Legacies of Enslavement at Christ's explained
Context for the project
In early 2019, the 'University of Cambridge Advisory Group on Legacies of Enslavement' was created at the request of the Vice-Chancellor. The remit of the Advisory Group was to produce advice about the University of Cambridge's historical links with enslavement and the slave trade, and to propose future action in light of this. The Advisory Group published its final report in September 2022.
Many higher education institutions undertook similar projects: in September 2019, for example, Balliol College, Oxford launched the 'Balliol and Empire Project'. As part of that project, Balliol College commissioned a report researched and written by Dr Sebastian Raj Pender into 'the extent to which Balliol’s endowment includes funds that could be linked to the proceeds of slavery'.
In Cambridge, some Colleges launched their own projects to research connections between their institutions and enslavement. Most notably, Jesus College, Cambridge formed its Legacy of Slavery Working Party (LSWP) in May 2019, which has produced research and recommendations in the years since.
The project at Christ's
'Legacies of Enslavement at Christ's' was the research project established at Christ's College, Cambridge. For their support in this, the College is grateful to the Master, Jane Stapleton, and several fellows: Helen Pfeifer, Felix Waldmann, Harriet Lyon, Carrie Vout, and David Reynolds. Also to Dr Genny Silvanus (the College's Archivist), Mr John Wagstaff (the College Librarian) and Dr Sabine Cadeau.
In 2021, four interns completed their own research and mounted an exhibition in the College Library. Clemmie Butler Brown visited the Bristol Archives and produced a presentation about four significant individuals who had attended the College, while Chater Paul Jordan studied individuals portrayed in artwork displayed around Christ's. The other two interns produced longer reports, each focused on one member of the College: Georgie Moore's report on Jonathan Blenman is available at the bottom of his profile page, and Leah Wild's report on Ralph Bernal is likewise available for download at the bottom of his profile page.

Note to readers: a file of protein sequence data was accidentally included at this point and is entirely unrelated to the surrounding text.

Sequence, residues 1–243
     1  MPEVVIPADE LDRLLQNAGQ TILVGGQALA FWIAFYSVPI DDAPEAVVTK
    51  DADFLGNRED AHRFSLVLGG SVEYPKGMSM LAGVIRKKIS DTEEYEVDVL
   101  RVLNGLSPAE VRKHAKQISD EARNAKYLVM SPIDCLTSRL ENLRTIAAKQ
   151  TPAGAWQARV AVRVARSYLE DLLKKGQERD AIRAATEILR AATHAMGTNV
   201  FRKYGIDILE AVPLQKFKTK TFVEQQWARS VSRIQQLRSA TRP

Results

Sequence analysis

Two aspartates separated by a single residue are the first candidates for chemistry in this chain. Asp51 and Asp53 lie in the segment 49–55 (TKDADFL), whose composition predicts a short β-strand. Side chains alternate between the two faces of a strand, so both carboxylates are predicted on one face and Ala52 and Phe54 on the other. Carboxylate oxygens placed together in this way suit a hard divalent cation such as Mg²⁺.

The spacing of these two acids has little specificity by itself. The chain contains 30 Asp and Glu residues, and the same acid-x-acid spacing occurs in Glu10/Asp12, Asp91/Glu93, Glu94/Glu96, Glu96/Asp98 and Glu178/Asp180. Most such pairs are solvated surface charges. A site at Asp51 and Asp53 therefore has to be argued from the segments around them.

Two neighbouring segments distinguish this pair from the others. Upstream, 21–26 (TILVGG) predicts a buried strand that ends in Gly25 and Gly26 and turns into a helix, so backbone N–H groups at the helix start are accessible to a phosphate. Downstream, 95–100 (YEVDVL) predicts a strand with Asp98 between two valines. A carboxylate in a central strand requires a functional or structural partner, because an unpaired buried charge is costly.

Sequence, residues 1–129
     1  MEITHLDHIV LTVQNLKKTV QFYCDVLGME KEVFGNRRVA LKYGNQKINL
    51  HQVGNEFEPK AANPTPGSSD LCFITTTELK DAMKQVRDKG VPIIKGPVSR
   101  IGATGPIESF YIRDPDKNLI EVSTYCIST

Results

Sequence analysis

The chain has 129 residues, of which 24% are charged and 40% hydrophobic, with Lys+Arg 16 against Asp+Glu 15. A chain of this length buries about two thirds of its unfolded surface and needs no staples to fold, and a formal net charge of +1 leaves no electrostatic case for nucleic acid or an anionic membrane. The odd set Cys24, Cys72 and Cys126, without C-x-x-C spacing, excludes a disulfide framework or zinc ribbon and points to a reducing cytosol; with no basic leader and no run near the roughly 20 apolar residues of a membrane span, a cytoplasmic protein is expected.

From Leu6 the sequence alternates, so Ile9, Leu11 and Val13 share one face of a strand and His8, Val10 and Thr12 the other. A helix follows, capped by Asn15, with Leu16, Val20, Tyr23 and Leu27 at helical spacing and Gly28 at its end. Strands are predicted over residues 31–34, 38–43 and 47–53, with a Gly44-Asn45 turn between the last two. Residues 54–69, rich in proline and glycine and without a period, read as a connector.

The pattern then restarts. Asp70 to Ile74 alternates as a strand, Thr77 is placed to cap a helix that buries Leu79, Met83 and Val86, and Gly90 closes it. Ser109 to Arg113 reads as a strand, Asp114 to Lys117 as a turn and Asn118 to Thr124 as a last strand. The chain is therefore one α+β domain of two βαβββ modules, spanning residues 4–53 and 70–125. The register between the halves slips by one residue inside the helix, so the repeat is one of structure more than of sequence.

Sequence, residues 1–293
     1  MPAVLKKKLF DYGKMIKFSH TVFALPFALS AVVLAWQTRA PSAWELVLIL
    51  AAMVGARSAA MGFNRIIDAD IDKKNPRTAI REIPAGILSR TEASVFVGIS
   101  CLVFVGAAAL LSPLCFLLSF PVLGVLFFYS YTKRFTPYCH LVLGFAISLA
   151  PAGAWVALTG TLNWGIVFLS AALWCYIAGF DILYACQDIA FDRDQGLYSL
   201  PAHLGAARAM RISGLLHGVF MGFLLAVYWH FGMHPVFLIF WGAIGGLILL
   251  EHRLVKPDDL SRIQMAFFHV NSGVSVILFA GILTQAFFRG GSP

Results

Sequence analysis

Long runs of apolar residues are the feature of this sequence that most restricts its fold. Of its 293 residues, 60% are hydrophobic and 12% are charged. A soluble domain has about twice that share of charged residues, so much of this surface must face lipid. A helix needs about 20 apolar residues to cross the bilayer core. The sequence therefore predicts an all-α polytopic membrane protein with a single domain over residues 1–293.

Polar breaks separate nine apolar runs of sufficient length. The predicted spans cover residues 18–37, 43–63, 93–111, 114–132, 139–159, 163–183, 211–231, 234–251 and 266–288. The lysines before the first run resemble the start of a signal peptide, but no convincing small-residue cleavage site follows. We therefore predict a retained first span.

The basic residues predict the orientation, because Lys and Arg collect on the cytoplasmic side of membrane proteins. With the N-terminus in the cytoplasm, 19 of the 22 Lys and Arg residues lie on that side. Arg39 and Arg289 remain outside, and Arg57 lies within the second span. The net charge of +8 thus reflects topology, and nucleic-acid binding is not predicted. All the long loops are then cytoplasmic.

In 2022, the College's Governing Body commissioned a follow-up project, with the remit specifically 'to construct the fullest possible database of College members involved in the slave trade, slave plantations and the anti-slavery movement'. As a result, three interns worked on the project during the summer of 2022.
This website, and all the information on it, has been researched and written by Fergus Kirman and Sarah Clark, two of those interns. They focused on identifying members of College who were 'financial beneficiaries of enslavement', and integrated this with their research into key family networks (instances where multiple members of the same family attended the College), and prominent public advocates defending enslavement. The database they created is displayed and preserved in this website. An explanation of their approach and more information about that database is available here.
The third intern, Hollie Wright, decided to cover the 'anti-slavery movement' element of the project's remit. She selected and researched six individuals who attended Christ's, and were significant in opposing enslavement. Hollie's report is available to download and read here.
The 38 financial beneficiaries have individual profiles on this website, sorted here approximately by the location in which enslavement benefitted each of them.
The public advocates and family networks identified are available on the home page, or otherwise in the menu at the top right of every page.